What happened to the UK APAs?

When British MEPs left the European Parliament last January, what happened to their staff , who had dedicated years to learning the Parliament’s quirks and processes, asks Alex White.
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By Alex White

Alex White was an APA for two British MEPs and is now a communications consultant and journalist

26 Feb 2021

Last month, Politico reported that British former MEPs are taking on the Brussels bubble, using their specialist knowledge and contacts to lobby for consultancies and specific interests. But it isn’t only former MEPs that are making things happen in the European Parliament; it’s often the Accredited Parliamentary Assistants (APAs) who have the specific policy knowledge and the contacts needed to get things done.

The vast majority of former British MEPs’ APAs are now employed in EU affairs or in the UK government, continuing to use the experience they gleaned in the European Parliament. For most of them, the skills they picked up while working in the European Parliament have proved valuable to other employers.

“Being an APA probably has a maximum shelf life anyway, as you can’t really progress or grow beyond a certain point. And you’ll always be looking after a needy adult”

Connor Allen works in government affairs for Honda in Brussels, and he believes his inside experience helps him pitch policy positions. Robert Blackmore works for an EU intelligence provider and uses the knowledge he gained in the Parliament every day. Rob is still impressed at how the European Parliament “brings together multiple political families and national interests”, noting that “it is a Parliament like no other.”

Not all the APAs for British MEPs were British. In fact, British MEPs employed APAs from multiple countries. Anna Ferrari, an Italian now working for a German MEP, says she misses the Brits sometimes. “They weren’t just Eurocentric; they had an international eye for things.”

Not everyone agreed that having the phrase ‘APA’ on their CV was particularly helpful. One former staffer commented that “as an APA, you work long hours influencing policy, but many people still think it’s just bringing coffee to MEPs.”

Many of the APAs who worked for British MEPs stayed in the institutions. Some British staffers claimed second nationalities or received special derogations. This allowed them to stay on the institutions’ low tax regime.

One British former staffer, who now works at the Commission and preferred to remain anonymous, told The Parliament Magazine that he “paid Belgian tax once and no way was I going back to that.”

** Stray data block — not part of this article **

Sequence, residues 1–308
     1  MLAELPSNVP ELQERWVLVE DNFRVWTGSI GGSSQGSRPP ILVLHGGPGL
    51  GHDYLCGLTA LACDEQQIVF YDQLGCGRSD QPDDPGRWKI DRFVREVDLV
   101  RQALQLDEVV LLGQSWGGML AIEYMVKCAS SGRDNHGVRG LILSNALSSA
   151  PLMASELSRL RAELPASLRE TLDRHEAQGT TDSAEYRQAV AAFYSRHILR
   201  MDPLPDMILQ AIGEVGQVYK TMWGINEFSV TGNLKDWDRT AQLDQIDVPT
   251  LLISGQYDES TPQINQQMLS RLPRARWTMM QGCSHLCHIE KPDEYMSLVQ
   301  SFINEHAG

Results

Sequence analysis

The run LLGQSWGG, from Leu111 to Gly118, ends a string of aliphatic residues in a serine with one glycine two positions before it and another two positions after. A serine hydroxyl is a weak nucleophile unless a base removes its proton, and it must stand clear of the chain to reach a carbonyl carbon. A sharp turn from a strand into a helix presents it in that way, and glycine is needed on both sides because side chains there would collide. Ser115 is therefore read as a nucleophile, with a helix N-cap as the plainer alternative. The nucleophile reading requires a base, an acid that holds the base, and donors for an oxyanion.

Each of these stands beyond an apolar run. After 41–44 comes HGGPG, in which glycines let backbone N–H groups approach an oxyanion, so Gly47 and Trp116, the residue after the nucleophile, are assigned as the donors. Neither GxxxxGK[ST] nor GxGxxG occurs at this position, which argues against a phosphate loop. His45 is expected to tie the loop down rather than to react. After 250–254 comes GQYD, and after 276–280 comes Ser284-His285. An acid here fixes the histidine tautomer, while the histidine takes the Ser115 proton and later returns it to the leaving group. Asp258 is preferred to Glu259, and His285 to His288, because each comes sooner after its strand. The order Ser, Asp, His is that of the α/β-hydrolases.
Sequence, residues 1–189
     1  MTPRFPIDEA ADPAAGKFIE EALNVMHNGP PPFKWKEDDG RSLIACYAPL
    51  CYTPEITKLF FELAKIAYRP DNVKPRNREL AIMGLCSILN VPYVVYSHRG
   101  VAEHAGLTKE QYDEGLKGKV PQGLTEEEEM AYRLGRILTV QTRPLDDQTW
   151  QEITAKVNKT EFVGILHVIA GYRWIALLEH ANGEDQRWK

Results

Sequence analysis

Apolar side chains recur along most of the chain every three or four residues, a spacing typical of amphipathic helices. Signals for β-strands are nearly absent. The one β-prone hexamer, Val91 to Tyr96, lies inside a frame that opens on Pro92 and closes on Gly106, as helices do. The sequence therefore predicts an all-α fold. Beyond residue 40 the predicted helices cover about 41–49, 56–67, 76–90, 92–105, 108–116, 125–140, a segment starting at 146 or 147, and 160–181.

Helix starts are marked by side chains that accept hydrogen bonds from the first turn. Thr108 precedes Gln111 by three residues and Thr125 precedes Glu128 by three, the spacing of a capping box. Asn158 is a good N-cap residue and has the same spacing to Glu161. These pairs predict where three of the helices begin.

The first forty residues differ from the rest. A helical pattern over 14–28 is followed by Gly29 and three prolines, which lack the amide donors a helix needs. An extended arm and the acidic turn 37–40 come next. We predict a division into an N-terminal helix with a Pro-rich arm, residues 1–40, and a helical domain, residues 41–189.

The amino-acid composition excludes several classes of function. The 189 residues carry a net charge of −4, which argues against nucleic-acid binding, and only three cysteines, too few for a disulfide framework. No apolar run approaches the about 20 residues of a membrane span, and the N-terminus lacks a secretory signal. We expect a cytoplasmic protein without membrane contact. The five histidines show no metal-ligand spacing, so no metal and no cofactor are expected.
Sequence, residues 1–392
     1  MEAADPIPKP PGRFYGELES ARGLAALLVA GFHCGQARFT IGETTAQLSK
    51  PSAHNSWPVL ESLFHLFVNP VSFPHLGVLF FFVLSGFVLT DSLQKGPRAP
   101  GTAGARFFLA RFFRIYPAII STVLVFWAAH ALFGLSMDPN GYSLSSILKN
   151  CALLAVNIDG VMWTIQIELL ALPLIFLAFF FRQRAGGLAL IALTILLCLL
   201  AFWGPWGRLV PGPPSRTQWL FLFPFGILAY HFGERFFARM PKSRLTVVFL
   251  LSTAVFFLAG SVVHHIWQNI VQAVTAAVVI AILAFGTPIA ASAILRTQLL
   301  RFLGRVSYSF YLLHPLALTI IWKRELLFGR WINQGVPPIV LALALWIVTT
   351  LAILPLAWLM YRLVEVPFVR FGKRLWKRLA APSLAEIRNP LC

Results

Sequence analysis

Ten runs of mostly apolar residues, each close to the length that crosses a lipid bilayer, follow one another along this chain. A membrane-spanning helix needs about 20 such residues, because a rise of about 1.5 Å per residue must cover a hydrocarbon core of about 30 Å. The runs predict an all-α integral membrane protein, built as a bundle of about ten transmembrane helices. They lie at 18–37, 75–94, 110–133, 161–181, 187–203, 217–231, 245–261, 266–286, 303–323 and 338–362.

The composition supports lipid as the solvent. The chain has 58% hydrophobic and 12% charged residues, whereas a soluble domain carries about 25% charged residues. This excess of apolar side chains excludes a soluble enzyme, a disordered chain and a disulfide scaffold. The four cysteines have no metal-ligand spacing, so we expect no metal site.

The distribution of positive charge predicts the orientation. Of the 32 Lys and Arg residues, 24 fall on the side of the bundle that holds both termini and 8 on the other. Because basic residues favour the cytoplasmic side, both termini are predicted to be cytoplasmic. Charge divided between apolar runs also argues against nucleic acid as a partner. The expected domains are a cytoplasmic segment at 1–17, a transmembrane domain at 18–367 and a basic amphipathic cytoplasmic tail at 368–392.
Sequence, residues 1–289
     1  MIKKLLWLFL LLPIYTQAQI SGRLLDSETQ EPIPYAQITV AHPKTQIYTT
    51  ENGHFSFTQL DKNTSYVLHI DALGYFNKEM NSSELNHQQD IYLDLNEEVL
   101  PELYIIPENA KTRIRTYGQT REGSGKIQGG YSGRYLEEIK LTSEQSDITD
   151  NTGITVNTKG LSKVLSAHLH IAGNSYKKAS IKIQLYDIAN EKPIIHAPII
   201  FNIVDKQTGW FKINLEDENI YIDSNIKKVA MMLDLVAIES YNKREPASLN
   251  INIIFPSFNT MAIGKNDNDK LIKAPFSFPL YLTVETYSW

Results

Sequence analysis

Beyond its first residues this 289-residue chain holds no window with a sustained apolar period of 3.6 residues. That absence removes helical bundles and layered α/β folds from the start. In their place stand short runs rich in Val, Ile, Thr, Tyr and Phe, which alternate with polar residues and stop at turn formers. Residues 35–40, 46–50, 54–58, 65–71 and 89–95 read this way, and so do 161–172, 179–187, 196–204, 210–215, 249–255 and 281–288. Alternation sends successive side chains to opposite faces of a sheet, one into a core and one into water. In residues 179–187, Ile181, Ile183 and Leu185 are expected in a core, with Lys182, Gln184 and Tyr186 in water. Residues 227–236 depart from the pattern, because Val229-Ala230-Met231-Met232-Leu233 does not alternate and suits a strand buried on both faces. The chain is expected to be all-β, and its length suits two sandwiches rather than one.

Perhaps the most common destination for former British APAs is the UK government. This applied across the political spectrum, including the S&D, ECR, Renew Europe and the Greens. Christian Garrard used his knowledge of State Aid policy to help the Competition and Markets Authority explore competition chapters in Free Trade Agreements. “Any experience in the EU institutions is valuable to certain government departments,” he said.

Lewis North works for a UK government regulator and felt that the skills of condensing complicated information and working under pressure are valuable, as is his unusual background. “I’m secretly a little bit proud that I have that ability to think in terms of a different legislative system.”

Carmen Smith, meanwhile, stayed in politics, and now coordinates parliamentary business for Plaid Cymru in the Welsh Parliament. She found her time in the European Parliament galvanising, feeling that “it spurred me on to take risks and to try new things.” But not all APAs stayed in the world of policy and politics.

The Coronavirus pandemic and lockdown made Faye Kent re-evaluate what she really wanted. She liked her MEP but realised that she never wanted to work in politics or policy again. She now commissions and sells art, but her time in the European Parliament wasn’t wasted; “I definitely picked up a lot of administrative and writing skills.”

“It’s often the Accredited Parliamentary Assistants (APAs) who have the specific policy knowledge and the contacts needed to get things done”

Sean Summerfield swapped his Parliament lanyard and badge for a wig and robe, now working as a criminal barrister in London. For Sean, the skills he picked up working for the British Labour Party in the Parliament were surprisingly useful. “I am frequently instructed to deal with clients accused of serious dishonesty offences,” said Sean; “Not too dissimilar, you may think, from having to deal on a daily basis with the Brexit fanatics of UKIP and the Tory Party.”

Overwhelmingly, the majority of the APAs missed the day-to-day experience of working in the European Parliament, citing the excitement of last-minute deals or the glamour of the Strasbourg train. Alex Keynes, Clean Vehicles Manager at Transport & Environment, misses his APA role, particularly because of the close relationship with his MEP.

However, he said that he wouldn’t go back. “Being an APA probably has a maximum shelf life anyway, as you can’t really progress or grow beyond a certain point. And you’ll always be looking after a needy adult.”

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